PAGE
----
entities, individuals and specific business arrangements in documents and communications;
sometimes the significance of such terms will not be apparent until after a careful file-by-
file review has commenced. It should suffice to say that agents will engage "in search


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strategies such as keyword searches" to find the information described in the warrant. In
addition, critical data on a computer may be in surprising nooks and crannies of the
computer. For example, a robust search strategy should allow agents to search for deleted
files in slack space. A search strategy should be sufficiently broad to ensure that agents will
have no need to exceed the strategy to find the items identified in the warrant. Identifying a
range of possible strategies is good practice.
When agents expect that the files described in the warrant will be commingled with innocent files
outside of the warrant's scope, it is a good practice, if technically possible, to explain in the affidavit
how the agents plan to search the computer for the targeted files.
When agents conduct a search for computer files and other electronic evidence stored in a
hard drive or other storage device, the evidence may be commingled with data and files that
have no relation to the crime under investigation. Figuring out how best to locate and
retrieve the evidence amidst the unrelated data is more of an art than a science, and often
requires significant technical expertise and careful attention to the facts. As a result, agents
may or may not know at the time the warrant is obtained how the storage device should be
searched, and, in beginning the search, may or may not know whether it will be possible to
locate the evidence without conducting an extensive search through unrelated files.
When agents have a factual basis for believing that they can locate the evidence using a
specific set of techniques, the affidavit should explain the techniques that the agents plan to
use to distinguish incriminating documents from commingled documents. Depending on
the circumstances, it may be helpful to consult with experts in computer forensics to
determine what kind of search can be conducted to locate the particular files described in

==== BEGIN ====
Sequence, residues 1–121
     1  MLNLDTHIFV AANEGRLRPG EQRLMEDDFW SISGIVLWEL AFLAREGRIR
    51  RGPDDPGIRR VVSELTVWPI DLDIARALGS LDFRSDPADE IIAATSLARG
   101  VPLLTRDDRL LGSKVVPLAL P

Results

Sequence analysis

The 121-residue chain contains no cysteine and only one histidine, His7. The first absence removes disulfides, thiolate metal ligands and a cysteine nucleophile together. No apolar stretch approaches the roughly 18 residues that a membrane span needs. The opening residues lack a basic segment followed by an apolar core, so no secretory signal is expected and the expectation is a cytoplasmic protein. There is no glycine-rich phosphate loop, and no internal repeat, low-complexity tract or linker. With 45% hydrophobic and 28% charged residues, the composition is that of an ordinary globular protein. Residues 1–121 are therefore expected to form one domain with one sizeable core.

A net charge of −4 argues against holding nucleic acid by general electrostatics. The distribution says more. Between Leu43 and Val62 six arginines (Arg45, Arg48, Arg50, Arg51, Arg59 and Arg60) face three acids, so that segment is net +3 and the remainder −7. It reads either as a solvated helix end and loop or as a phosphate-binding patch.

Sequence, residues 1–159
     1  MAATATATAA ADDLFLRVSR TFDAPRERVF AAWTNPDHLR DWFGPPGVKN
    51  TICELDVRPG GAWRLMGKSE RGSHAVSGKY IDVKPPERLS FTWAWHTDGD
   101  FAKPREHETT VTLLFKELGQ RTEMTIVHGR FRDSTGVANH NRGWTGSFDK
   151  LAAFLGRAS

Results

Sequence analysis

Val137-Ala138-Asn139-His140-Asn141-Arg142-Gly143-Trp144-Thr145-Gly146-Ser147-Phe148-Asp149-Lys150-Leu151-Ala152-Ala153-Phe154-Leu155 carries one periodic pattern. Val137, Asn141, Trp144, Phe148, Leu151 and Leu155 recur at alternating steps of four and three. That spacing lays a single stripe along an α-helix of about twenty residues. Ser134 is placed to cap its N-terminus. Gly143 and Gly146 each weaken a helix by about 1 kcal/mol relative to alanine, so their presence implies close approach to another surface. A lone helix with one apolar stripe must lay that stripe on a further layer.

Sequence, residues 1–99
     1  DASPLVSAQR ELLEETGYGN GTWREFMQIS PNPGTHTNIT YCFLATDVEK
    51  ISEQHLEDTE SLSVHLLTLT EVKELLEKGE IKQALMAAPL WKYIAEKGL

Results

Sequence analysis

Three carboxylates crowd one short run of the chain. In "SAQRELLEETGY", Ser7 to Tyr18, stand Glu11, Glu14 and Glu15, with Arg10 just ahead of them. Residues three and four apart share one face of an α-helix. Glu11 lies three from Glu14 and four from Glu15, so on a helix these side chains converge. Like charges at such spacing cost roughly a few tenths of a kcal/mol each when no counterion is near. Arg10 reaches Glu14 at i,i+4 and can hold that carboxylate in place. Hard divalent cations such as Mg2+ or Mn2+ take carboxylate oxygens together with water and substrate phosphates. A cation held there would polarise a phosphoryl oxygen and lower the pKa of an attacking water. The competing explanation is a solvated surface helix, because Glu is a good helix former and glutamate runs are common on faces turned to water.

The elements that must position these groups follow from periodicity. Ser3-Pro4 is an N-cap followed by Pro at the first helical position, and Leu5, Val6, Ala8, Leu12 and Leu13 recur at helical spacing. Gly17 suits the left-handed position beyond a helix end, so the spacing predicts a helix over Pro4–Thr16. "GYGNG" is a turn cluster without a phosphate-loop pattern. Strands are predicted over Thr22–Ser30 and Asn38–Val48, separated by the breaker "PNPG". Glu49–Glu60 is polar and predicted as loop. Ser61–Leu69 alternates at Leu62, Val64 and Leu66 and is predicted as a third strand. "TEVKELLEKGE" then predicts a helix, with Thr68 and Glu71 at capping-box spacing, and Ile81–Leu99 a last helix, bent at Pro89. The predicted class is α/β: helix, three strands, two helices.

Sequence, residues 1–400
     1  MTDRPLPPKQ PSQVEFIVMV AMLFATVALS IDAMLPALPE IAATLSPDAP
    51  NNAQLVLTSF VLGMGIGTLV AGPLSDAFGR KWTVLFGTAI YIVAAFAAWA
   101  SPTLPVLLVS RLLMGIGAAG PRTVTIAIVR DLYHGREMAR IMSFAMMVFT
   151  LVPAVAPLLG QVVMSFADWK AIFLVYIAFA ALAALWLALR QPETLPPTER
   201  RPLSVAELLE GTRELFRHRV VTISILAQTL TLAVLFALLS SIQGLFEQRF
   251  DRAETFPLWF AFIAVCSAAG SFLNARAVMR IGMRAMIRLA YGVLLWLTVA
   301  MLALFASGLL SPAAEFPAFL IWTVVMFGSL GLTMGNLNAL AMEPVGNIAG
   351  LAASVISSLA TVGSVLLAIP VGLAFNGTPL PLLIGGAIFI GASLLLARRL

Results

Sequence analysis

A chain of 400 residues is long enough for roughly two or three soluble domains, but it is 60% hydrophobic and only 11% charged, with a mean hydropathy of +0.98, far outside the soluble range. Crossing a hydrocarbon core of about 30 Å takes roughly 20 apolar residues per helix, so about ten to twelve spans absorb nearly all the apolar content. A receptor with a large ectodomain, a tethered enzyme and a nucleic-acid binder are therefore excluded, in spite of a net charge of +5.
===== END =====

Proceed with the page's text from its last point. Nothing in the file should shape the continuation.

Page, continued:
the warrant. In some cases, a "key word" search or similar surgical approach may be
possible. Notably, the Fourth Amendment does not generally require such an approach. See
United States v. Habershaw, 2001 WL 1867803, at *7 (D. Mass. May 13, 2001) (rejecting
argument that sector-by-sector search violates Fourth Amendment where key word search
might have been used); United States v. Hunter, 13 F. Supp. 2d 574, 584 (D. Vt. 1998)
("Computer records searches are no less constitutional than searches of physical records,
where innocuous documents may be scanned to ascertain their relevancy."); United States
v. Lloyd, 1998 WL 846822, at *3 (E.D.N.Y. Oct. 5, 1998). However, in extensive dicta, the
Tenth Circuit has indicated that it favors such a narrow approach because it minimizes the
possibility that the government will be able to use a narrow warrant to justify a broader
search. See United States v. Carey, 172 F.3d 1268, 1275-76, 1275 n.8. (10th Cir. 1999)
(citing Raphael Winick, Searches and Seizures of Computers and Computer Data, 8 Harv.
J. L. &. Tech. 75, 108 (1994)); Campos, 221 F.3d at 1148. See also Gawrysiak, 972 F.
Supp. at 866 (suggesting in dicta that agents executing a search for computer files "could
have at the least checked the date on which each file was created, and avoided copying
those files that were created before the time period covered by the warrant").
Of course, in many cases a narrow approach will be technically impossible. The targeted
files may be mislabeled, hidden, oddly configured, written using code words to escape
detection, encrypted, or otherwise impossible to find using a simple technique such as a
"key word" search. Experience has shown that individuals engaged in various kinds of
criminal conduct have used these techniques to obfuscate incriminating computer evidence.
Because some judges may fail to appreciate such technical difficulties, it is a good practice
as a matter of policy for agents to discuss these issues in the affidavit. In many cases, a
more extensive search through innocent files will be necessary to determine which files fall
within the scope of the warrant. Often, the only possible approach is to canvass the


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structure and sample some of the content of the seized storage device to tailor the best
search techniques. In the course of this preliminary overview of the storage medium,
unforeseeable technical difficulties may arise, and language in the affidavit should alert the
magistrate judge of the need to allow for the development of flexible, changing search
strategies. Explaining these practical needs in the affidavit can make clear at the outset why
an extensive search will not be in "flagrant disregard" of the warrant, and why the extensive
search complies fully with traditional Fourth Amendment principles. See Andresen v.
Maryland, 427 U.S. 463, 482 n.11 (1976) ("In searches for papers, it is certain that some
innocuous documents will be examined, at least cursorily, in order to determine whether
they are, in fact, among those papers authorized to be seized."); United States v. Riley, 906